Amnesty International – International Secretariat
Asylum Research Centre (ARC)
Contact persons: Liz Williams and Stephanie Huber
Asylum Research Centre (ARC) provides a country of origin information (COI) research service including country reports to support individual asylum claims for use in representations to refugee decision making bodies. Its case-specific research service is primarily fee-paying, but ARC may be able to undertake pro bono research for NGOs with limited funds who provide free services to refugees.
ARC also provides country specific and thematic COI research for UNHCR, publishes commentaries on UK Home Office Country Policy and Information Notes (CPINS), and on European Asylum Support Office’s (EASO) COI reports. ARC also undertakes research consultancy, project management and training to the asylum, immigration and human rights sector.
ARC further manages the international COI Forum which provides a platform for COI researchers and practitioners to share publications and ideas on COI research and sources. ARC also provides a free bi-monthly COI Update, which contains notifications of new Home Office COI publications as well as recent publications and developments in the top countries of origin of asylum seekers in the UK.
Asylum Support Appeal Project (ASAP)
Tel: +44 (0)2 03 71 60 284
Advice Line number: +44 (0)2 03 71 60 283
Fax: +44 (0)2 03 71 60 272
ASAP is a charity working across the UK with the aim of reducing destitution amongst asylum seekers by protecting their legal rights to food and shelter. ASAP carries out three types of work: (1) Free legal representation and advice to asylum seekers and refused asylum seekers appealing against the Home Office decisions to refuse or withdraw their housing, financial subsistence, or both. (2) Asylum support advice and training to frontline organisations, advice agencies and legal practitioners working with asylum seekers. They provide a range of training options and operate an Advice Line. (3) Policy, lobbying and litigation to improve policies and procedures on asylum support.
Please note that ASAP does not give immigration advice and ASAP is unable to give advice to individual asylum seekers. If you need advice about your immigration status please contact a regulated advisor. To find your nearest regulated immigration adviser please click here. If you are an asylum seeker and need advice about your housing or financial support from the Home Office you should go to your nearest advice agency and ask an adviser to contact them.
Bail for Immigration Detainees
1b Finsbury Park Road, London N4 2LA
Fax: 0203 745 5226
Email for general enquiries: firstname.lastname@example.org
Email for bail casework: email@example.com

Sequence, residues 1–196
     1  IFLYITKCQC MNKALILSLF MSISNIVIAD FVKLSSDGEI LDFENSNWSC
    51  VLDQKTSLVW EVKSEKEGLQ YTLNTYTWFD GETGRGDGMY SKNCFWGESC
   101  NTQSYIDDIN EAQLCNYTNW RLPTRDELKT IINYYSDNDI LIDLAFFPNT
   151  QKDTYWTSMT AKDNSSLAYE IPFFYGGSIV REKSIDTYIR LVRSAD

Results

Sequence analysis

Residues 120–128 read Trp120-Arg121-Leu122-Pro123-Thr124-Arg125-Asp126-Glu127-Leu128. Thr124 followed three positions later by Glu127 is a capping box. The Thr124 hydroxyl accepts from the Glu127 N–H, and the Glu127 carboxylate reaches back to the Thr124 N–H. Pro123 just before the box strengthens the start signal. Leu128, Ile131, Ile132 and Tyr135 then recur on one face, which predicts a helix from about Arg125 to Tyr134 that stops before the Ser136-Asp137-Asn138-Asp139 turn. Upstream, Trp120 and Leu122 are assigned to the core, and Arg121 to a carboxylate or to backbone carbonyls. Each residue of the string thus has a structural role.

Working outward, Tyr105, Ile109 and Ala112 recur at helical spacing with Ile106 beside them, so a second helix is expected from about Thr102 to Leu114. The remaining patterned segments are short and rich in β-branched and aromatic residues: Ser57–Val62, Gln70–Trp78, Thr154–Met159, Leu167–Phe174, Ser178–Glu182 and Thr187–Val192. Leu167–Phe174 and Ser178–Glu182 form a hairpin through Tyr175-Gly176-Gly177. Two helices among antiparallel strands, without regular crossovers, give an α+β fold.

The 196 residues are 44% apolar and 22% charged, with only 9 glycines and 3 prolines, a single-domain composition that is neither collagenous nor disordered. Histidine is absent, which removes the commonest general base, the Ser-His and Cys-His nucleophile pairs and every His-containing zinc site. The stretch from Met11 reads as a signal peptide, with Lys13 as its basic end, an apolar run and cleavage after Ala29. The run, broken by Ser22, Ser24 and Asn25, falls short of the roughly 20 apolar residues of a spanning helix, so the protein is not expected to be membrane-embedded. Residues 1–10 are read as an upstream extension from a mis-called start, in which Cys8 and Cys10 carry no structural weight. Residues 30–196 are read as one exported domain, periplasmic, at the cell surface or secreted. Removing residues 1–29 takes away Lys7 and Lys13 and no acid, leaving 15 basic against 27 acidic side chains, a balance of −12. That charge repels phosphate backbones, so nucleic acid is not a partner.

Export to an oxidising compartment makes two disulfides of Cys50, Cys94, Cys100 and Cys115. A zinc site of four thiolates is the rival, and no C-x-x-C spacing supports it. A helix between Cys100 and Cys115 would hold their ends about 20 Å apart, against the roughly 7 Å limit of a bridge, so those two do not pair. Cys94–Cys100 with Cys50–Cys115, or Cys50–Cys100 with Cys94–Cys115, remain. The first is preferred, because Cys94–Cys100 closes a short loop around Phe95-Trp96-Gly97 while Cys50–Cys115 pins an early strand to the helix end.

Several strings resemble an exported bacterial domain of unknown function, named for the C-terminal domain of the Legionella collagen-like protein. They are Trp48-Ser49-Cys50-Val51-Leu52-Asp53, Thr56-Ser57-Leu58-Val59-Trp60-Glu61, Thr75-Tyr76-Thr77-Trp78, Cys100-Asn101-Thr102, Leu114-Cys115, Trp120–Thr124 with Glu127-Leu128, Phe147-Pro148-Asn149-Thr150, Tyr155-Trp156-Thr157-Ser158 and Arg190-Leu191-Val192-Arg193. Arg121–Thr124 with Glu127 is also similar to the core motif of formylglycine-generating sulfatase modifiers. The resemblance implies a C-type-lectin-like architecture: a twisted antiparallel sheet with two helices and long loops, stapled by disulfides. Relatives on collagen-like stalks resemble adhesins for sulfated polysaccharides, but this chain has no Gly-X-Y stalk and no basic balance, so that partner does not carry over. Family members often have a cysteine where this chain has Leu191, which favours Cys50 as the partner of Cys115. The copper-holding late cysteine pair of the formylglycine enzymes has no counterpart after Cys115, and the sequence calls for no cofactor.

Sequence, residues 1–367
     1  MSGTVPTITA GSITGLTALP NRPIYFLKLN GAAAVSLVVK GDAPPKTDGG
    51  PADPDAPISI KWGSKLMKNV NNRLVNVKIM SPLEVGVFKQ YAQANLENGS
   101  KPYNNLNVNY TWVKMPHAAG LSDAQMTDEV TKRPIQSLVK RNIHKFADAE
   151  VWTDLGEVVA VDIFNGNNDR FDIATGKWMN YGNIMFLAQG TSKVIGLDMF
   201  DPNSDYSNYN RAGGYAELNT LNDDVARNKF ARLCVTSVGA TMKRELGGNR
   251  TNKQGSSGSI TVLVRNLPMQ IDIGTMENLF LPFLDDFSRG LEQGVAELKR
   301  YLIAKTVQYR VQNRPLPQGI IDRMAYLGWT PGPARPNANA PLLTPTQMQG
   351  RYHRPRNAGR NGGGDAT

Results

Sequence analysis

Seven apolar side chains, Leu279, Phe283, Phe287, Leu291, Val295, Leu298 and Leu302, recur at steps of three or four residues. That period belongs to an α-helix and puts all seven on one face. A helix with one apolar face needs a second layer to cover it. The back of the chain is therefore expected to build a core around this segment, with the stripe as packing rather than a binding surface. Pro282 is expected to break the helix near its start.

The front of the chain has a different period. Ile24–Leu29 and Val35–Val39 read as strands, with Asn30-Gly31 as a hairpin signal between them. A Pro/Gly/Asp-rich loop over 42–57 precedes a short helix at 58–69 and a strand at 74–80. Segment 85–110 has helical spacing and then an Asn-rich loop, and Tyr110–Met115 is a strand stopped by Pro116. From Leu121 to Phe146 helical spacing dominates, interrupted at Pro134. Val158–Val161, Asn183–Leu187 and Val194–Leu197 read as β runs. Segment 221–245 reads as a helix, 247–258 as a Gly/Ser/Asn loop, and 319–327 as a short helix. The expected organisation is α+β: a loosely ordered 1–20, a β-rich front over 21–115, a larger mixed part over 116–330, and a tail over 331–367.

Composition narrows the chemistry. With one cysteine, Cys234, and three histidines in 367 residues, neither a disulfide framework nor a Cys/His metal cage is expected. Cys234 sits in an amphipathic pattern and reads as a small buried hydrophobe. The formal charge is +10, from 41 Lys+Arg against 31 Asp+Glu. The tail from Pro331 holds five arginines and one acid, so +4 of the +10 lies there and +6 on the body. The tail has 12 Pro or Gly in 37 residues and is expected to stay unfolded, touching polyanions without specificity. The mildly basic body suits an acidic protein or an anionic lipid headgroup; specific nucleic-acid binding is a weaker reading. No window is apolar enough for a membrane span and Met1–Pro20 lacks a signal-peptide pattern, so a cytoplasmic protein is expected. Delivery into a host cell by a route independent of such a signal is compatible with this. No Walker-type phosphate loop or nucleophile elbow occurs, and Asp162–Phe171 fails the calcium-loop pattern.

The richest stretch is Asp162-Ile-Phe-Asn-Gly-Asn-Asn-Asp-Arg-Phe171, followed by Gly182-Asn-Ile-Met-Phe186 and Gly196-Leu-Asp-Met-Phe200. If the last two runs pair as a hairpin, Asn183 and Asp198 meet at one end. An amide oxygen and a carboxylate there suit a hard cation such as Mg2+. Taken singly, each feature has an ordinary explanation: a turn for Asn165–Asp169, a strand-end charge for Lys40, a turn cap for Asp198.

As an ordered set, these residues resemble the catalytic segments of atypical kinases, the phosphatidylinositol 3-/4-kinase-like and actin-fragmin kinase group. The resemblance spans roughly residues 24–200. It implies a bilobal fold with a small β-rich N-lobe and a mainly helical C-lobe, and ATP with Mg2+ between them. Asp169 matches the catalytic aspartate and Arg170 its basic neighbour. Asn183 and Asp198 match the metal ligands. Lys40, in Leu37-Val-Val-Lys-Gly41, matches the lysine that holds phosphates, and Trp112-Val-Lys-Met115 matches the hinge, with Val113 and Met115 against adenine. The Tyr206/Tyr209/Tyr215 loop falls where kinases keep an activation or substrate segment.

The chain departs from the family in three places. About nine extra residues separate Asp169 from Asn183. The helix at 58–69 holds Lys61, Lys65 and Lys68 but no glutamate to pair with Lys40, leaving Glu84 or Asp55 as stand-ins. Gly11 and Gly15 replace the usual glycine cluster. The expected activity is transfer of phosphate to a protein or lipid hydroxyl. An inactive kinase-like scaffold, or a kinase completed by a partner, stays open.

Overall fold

Detainees can post documents to BID for free using the following address:
FREEPOST RTSU-ZJCB-XCSX Bail for Immigration Detainees, 1b Finsbury Park Road, London N4 2LA
Bail for Immigration Detainees’ vision is of a world in which there is no immigration detention. While it exists it believes it should be judicially sanctioned and time-limited. The organisation provides legal advice and representation to people held in prisons and detention centres under immigration powers to enable them to secure their release from detention and gathers evidence from its research and casework to influence detention policy and practice.
Migrant Children’s Project
The Migrant Children’s Project offers free initial legal advice on all issues affecting migrant, asylum-seeking and refugee children, young people and families including: immigration, asylum and nationality law, support and accommodation, age assessment, education, work and training, and health care.
Electronic Immigration Network
EIN is a specialist provider of information on UK immigration and refugee law via the internet. EIN also contains information on immigration/asylum issues and caselaw from the EU and selected documents from other English-speaking jurisdictions. The Public Site contains general resources and links for asylum seekers and immigrants, students, journalists and others with an interest in immigration and asylum.
Immigration Law Practitioners’ Association (ILPA)
The Immigration Law Practitioners’ Association (ILPA) is an advisory body for lawyers representing migrants and refugees in the UK and Europe. The ILPA provides specialist training on asylum and immigration law. The ILPA aims to promote and improve the advising and representing of immigrants.
Legal Aid Agency
A list of firms that provide legal aid can be found on the Legal Aid Agency website.